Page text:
The Hero Discussion

30 April 2008

Part two of the response to Jeremy Tuckers questions:

- Are the ideas of the Hero in society born from the accomplishments of the individual?

In so far as I understand it, yes. And within that idea lies the danger of separating the individual’s actions from the collective whole of a society. This is not to say that actions of an individual necessarily separate that individual from a group, or to say that even if that were the case that it is inherently harmful for ones actions to be perceived as individual, but is meant to alert the reader that within this train of thought lies the road to the belief we can judge one by ones accomplishments without taking into consideration that individuals motives and situation. In other words, we have all accomplished heroic deeds in our lives relative to our situation. My concern is to whom goes the responsibility of deeming an accomplishment societally heroic?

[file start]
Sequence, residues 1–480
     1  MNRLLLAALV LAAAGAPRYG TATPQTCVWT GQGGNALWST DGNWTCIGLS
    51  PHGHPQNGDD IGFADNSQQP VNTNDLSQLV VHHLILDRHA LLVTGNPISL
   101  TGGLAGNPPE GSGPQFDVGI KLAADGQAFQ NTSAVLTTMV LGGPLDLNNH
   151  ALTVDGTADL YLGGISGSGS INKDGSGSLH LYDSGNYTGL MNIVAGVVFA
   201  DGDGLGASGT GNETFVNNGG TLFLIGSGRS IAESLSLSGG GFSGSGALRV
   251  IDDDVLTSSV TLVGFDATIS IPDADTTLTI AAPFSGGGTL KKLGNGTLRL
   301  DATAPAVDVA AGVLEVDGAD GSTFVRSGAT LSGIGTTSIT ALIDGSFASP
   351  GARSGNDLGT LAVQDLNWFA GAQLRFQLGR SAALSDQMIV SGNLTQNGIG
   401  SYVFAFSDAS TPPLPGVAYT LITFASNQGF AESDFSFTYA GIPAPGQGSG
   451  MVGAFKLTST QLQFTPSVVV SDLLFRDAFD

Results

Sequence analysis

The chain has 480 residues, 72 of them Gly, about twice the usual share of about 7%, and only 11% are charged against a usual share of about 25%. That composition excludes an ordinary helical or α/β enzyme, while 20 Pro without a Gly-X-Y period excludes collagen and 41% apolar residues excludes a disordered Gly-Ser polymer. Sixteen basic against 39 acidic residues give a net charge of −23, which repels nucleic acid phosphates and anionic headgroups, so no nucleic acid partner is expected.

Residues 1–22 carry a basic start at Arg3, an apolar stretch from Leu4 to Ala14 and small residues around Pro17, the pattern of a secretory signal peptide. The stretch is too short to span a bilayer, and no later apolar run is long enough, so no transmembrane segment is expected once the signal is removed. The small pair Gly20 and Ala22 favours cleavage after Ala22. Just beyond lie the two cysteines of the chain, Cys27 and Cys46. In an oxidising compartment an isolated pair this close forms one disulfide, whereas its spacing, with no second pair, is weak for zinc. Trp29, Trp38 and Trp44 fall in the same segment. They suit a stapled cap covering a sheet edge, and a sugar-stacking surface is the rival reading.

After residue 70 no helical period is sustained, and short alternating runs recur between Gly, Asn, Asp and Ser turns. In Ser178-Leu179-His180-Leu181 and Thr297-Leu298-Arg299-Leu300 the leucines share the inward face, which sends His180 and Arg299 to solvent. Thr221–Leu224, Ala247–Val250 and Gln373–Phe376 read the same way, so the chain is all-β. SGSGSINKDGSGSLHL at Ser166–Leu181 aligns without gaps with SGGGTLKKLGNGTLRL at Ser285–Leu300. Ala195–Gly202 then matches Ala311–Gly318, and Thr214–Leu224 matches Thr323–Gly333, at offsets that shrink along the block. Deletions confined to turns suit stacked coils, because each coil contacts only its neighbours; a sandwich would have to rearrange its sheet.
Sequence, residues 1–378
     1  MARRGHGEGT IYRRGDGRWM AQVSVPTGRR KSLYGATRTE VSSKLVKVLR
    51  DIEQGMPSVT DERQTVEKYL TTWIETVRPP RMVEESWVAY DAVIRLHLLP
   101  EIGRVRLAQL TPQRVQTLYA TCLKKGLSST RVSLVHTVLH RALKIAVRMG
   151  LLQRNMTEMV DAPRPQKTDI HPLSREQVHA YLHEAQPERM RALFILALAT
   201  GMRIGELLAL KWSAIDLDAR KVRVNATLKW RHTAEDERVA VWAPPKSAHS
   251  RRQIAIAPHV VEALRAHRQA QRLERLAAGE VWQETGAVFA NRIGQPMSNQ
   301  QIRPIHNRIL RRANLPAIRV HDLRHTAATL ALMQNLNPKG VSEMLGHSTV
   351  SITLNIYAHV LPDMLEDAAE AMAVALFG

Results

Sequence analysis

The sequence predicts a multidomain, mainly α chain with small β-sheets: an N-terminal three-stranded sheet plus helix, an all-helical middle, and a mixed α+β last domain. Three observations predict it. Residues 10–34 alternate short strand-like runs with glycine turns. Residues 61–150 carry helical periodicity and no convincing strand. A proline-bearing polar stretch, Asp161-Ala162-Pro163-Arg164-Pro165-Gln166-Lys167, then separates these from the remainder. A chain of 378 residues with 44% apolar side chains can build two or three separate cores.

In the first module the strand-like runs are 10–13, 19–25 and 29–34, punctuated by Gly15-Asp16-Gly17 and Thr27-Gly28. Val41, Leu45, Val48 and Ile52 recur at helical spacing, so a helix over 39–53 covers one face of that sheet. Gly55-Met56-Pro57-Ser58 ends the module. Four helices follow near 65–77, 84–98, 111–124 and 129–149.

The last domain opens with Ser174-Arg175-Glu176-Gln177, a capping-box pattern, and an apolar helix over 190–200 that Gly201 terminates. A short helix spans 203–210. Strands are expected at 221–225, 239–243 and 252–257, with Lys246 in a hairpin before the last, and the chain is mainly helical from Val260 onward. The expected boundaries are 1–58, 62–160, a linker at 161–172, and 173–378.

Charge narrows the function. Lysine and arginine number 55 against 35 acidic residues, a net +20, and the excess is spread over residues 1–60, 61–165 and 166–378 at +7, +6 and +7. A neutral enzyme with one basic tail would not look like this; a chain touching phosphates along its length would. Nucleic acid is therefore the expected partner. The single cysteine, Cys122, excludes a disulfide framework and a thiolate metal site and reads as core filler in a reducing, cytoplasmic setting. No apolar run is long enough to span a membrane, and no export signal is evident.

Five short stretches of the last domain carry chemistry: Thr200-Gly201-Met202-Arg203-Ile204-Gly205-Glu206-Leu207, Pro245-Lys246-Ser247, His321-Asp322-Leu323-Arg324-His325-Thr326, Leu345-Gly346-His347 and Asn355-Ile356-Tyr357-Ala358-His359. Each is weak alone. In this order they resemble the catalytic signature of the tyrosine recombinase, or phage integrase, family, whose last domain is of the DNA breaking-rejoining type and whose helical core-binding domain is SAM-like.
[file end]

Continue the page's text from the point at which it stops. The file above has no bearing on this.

- Is the importance of defining a hero to give strength to the group, where otherwise weakness would disable their function?

In situations that have included a group’s triumph over a difficulty, via the inspiration brought by a specific heroic action or chain of events, this is absolutely true. In all honesty, I believe this is the most beneficial role of a hero. This takes the solitude and alienation of imposed individuality out of the deemed hero and redefines that hero’s role as an important part of the greater good of the whole.

- Could society survive without hope, and could it be that the hero is no longer needed in contemporary society?